Located in the south of Jutland, Denmark, Wadden Sea Centre is quietly unassuming, even at first glancing lying in balance between being seen and letting its surroundings take centre stage.
Initiated in 2017, the Wadden Sea Centre was given a modern, rather sculptural update by Copenhagen-based architecture firm Dorte Mandrup. The Wadden Sea Centre was designed to be a throughway to UNESCO World Heritage Site Wadden Sea, its mudflats seeing 15 million birds yearly stopping each year along their migratory route.
In true homage to the area and its unique marshlands, architects Dorte Mandrup were inspired by the ancient natural scenery around them, choosing to incorporate traditional Danish style and materials into their design.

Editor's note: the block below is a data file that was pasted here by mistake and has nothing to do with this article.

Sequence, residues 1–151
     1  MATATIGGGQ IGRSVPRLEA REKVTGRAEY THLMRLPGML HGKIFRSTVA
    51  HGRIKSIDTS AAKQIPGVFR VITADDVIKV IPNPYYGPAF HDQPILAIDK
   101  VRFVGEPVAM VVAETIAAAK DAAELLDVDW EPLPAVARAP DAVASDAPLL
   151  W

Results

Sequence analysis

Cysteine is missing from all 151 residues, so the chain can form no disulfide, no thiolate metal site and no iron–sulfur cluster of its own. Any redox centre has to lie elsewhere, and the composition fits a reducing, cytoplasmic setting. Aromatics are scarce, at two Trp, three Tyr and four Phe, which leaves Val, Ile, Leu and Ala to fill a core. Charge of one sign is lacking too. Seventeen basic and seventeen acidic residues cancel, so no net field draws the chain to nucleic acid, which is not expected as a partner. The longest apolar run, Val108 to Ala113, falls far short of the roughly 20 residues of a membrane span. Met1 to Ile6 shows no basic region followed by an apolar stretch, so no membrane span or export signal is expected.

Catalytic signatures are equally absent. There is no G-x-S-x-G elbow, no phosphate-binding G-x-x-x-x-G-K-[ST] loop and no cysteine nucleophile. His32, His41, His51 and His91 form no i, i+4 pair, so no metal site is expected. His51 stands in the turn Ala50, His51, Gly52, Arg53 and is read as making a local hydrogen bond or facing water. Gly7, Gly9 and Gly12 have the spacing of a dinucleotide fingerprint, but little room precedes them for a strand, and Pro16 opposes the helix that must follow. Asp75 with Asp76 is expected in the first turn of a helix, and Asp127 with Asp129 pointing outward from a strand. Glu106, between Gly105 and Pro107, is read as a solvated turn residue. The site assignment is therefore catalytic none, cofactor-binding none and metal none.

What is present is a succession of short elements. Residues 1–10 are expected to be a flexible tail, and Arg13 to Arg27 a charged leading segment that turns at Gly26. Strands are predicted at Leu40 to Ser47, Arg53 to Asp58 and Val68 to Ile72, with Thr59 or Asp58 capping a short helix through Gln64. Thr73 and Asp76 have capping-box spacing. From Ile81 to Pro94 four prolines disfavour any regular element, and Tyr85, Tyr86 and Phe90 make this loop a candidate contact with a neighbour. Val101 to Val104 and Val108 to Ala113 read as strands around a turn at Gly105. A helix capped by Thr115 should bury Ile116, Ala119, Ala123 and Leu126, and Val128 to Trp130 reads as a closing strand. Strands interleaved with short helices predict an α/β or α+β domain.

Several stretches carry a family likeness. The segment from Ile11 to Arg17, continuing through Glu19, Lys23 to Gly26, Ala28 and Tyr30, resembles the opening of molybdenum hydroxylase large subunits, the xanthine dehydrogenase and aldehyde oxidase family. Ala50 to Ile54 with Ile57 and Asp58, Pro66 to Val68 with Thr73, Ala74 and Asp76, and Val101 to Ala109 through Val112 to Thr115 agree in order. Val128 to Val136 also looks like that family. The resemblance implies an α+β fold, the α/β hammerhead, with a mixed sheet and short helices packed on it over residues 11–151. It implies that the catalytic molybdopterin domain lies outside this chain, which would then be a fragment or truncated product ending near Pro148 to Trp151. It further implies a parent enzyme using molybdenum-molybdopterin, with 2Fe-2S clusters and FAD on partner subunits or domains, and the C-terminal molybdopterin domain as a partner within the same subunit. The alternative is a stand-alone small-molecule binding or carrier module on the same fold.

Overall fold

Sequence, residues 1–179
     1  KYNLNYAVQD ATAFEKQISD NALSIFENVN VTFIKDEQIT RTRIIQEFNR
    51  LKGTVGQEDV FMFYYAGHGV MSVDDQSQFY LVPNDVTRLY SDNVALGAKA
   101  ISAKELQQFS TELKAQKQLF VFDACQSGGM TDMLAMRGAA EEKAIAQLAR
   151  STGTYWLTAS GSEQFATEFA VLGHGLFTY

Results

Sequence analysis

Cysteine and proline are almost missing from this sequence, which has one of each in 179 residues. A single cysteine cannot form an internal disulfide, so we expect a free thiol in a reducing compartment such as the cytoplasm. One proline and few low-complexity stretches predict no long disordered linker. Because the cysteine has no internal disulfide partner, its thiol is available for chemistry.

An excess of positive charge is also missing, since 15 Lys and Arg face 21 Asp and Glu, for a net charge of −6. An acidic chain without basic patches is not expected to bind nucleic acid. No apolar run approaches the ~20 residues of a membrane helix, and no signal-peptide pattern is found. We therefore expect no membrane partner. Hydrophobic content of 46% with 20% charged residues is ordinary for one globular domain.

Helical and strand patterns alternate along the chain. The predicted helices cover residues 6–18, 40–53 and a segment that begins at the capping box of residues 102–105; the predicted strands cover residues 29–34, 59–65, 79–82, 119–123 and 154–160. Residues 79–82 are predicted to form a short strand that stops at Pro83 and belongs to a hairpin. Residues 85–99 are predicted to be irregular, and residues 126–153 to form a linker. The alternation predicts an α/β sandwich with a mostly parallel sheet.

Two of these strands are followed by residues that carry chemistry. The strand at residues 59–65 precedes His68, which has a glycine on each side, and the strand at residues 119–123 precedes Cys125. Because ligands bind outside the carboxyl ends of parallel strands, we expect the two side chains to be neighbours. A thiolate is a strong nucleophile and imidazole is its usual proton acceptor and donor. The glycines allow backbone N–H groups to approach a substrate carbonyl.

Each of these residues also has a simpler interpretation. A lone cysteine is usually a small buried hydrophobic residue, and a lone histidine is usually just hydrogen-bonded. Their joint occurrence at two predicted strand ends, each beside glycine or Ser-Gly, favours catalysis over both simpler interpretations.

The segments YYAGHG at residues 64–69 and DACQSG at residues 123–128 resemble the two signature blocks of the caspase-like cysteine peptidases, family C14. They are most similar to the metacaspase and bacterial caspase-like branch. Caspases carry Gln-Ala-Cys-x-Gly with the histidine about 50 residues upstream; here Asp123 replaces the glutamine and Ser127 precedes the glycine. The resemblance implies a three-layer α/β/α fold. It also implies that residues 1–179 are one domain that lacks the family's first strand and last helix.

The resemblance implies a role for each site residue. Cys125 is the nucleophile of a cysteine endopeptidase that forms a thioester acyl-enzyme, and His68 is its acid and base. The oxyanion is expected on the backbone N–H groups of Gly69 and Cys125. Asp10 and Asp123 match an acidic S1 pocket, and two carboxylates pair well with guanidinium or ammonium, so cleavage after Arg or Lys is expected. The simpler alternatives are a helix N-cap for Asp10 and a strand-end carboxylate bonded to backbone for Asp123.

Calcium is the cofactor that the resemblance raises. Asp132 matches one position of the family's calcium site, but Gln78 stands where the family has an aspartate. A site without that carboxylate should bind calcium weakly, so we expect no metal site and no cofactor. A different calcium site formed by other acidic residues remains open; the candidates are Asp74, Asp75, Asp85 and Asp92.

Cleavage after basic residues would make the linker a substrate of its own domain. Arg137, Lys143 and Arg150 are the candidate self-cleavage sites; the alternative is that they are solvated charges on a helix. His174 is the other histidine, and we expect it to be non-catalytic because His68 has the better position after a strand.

The design of the Wadden Sea Centre is based on the region’s tradition four-winged thatched farmhouses. Using largely local materials and incorporating blackened wood for the exterior façade and even sourcing straw from a nearby field for the thatched roof honouring local tradition, Dorte Mandrup created a quietly unassuming structure.
“The main concept of the architecture is a new sculptural interpretation of the existing building culture of the region,” says Mandrup of the design, and that the main inspiration behind this project was to create a structure that points towards the future while maintaining its roots in the local building tradition. This ultramodern structure seemingly rises from its surroundings, both standing out and blending in.
The interior stands in contrast with the traditional, sculpture interior, its whitewashed walls allowing flexibility in the exhibition space. Large, angled windows not only flood the space with natural daylight, but allow visitors a view out into Wadden Sea, ensuring they are fully grounded in the spectacular nature of their surroundings.